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Steven B. Ronsen updated their profile
Sep 15, 2018

CPAP, Surgery, Dental Device or.... "Positional Therapy"?

Even if you don't think you know what positional therapy is, you actually do. It's the push or shove to your side you get from your spouse when you snore; it's the fancy $150 pillow at Brookstone which is promoted as a cure for snoring; and it's the old-fashioned snoring remedy of pinning tennis balls to the back of your nightshirt. Nevertheless, the term was an entirely new one to me, and one I still have never heard spoken by my sleep physician, or any other doctor for that matter. The reason, you might guess, is that positional therapy isn't an effective treatment for Sleep Apnea. But an ever expanding body of scientific research shows that certain forms of it can be.

Remember that pesky sleep study you had the pleasure to undergo when sleep technicians strapped you with enough scary looking equipment and leads to have you doing a double-take as to whether in a former life you were a suicide bomber? One of the things it measured was the position you were in when your apnea and hypopnea events occurred. A fair portion of the Sleep Apnea population, by some estimates a third to a half of all those with Sleep Apnea, experience events that can be "cured" by staying off one's back at night, and instead sleeping on one's side.

Scientists at Temple University have released a study (results of which attached below) that indicates that their new device, the ZZoma, pictured above, is as effective as is CPAP in normalizing the AHI of individuals suffering from positional obstructive sleep apnea.

So why don't we hear much about positional devices such as the ZZoma as an option from our doctors? It's a good question that each of us should ask our doctors. Putting their silence on this subject in the best light, positional remedies aren't appropriate for a vast number of Sleep Apnea patients, particularly those who have central or mixed apnea, or who have apnea/hypopnea events in all sleeping positions. More important, sending patients who have a chronic, life threatening disease away with a prescription to sleep on their sides, even if they have positional sleep apnea, is not as optimal a solution as prescribing a CPAP, which can give ongoing data about usage and effectiveness in a way that the ZZoma, Brookstone pillow and tennis ball cannot.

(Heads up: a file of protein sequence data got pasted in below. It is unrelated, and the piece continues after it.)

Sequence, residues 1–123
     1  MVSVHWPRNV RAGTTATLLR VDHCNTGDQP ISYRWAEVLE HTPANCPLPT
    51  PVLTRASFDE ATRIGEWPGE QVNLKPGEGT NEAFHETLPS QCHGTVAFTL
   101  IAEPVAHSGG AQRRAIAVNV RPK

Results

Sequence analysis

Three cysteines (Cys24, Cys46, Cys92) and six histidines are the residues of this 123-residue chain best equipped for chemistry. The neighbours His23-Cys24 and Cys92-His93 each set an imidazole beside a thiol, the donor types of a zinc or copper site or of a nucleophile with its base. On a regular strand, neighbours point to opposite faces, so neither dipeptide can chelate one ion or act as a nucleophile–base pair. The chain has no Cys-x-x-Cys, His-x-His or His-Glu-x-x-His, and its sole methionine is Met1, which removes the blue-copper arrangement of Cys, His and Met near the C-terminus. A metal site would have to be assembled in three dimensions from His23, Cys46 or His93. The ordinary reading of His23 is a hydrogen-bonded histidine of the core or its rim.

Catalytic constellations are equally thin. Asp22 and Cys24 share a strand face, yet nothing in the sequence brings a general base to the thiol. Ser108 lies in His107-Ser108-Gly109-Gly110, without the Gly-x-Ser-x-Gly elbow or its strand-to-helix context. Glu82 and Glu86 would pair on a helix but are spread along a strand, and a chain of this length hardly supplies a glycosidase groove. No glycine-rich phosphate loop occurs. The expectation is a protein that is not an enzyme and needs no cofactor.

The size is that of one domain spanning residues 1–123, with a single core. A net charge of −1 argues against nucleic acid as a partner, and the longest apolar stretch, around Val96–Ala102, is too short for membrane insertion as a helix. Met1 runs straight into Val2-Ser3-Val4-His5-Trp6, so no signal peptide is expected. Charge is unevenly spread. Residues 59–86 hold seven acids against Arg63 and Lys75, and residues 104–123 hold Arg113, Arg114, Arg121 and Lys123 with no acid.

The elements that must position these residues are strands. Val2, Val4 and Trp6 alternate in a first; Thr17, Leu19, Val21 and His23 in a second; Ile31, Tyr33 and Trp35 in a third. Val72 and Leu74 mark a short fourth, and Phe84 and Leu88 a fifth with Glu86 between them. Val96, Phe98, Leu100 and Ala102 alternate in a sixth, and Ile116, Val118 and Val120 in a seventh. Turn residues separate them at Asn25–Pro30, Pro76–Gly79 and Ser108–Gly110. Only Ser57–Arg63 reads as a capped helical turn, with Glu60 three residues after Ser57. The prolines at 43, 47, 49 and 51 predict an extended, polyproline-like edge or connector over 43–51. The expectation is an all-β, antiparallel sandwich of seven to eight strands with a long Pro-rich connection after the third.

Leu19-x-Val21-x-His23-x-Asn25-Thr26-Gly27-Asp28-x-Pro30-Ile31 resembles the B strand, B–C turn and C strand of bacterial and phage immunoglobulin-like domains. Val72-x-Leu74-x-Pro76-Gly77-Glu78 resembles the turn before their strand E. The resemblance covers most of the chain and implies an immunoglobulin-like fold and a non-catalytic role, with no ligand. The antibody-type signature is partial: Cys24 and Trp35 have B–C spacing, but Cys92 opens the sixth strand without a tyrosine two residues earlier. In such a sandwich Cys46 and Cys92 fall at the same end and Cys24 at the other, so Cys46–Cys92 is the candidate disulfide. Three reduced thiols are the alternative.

That said, we know that doctors, DMEs and patients don't always follow up on and scrutinize CPAP data. In fact, the CPAP machines often prescribed first do not even record data. We at SleepGuide believe that if doctors and DMEs are to justify the additional costs of a high caliber piece of technology such as a CPAP machine for their patients, that they must do a better job of monitoring compliance, including allowing patients to have as much access to their compliance data as possible. If they don't, maybe their patients would be just as well off as with a tennis ball pinned to their shirts.

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Comment by Melba Cooper on March 19, 2009 at 9:57pm
The role of position is a question that I noted with a check up appointment with my Doc yesterday. I noted that when I take off my mask, I often have a strong urge to stretch out and sleep on my stomach. I like a small down filled pillow that I can easily shape into different positions. I also sleep very flat, rather than propped up on it. I often sleep a couple of hours on my stomach...wake up put my mask back on and finish off the night. My doc said that the stomach position relieves the apnea/ I guess gravity is helpful in this position.???? I know that my sleep apnea is much worse on my back...and I have never liked to sleep on my back. I think it is much less on my side. I continue to do my yoga neck exercises even more diligently as I want to keep my neck flexible enough to sleep on my stomach.
Comment by Anne Pf on March 16, 2009 at 11:05pm
I found it interesting that the sleep tech told me I never slept on my back the entire night of the first study -- he asked me to try, and i did, but i never slept that way.
The second study, for titration, was while wearing a CPAP mask. I slept THE ENTIRE NIGHT on my back. He asked me to turn on my side, and I did for a short time, then once I fell asleep I went back onto my back again.
Sleeping on my back is my preferred position, but i could never breath that way. With CPAP, I can.
The sleep study showed more apneas while on my back.,
Anne
Comment by Steven Y. Park, MD on January 1, 2009 at 10:43pm
Great point, mike. It's important to look at the sleep data to analyze the severity of apneas in different sleep positions. Unfortunately, not all labs and especially the home studies don't analyze sleep position, or there isn't enough time in all positions to make any useful recommendations. But sometimes, when you see positional sleep apnea, it can be a very dramatic difference.

Some of my patients do very well with positional therapy alone, but there are may that are not able to gain any benefit, no matter how hard they try.
Comment by Mike on December 11, 2008 at 2:38pm

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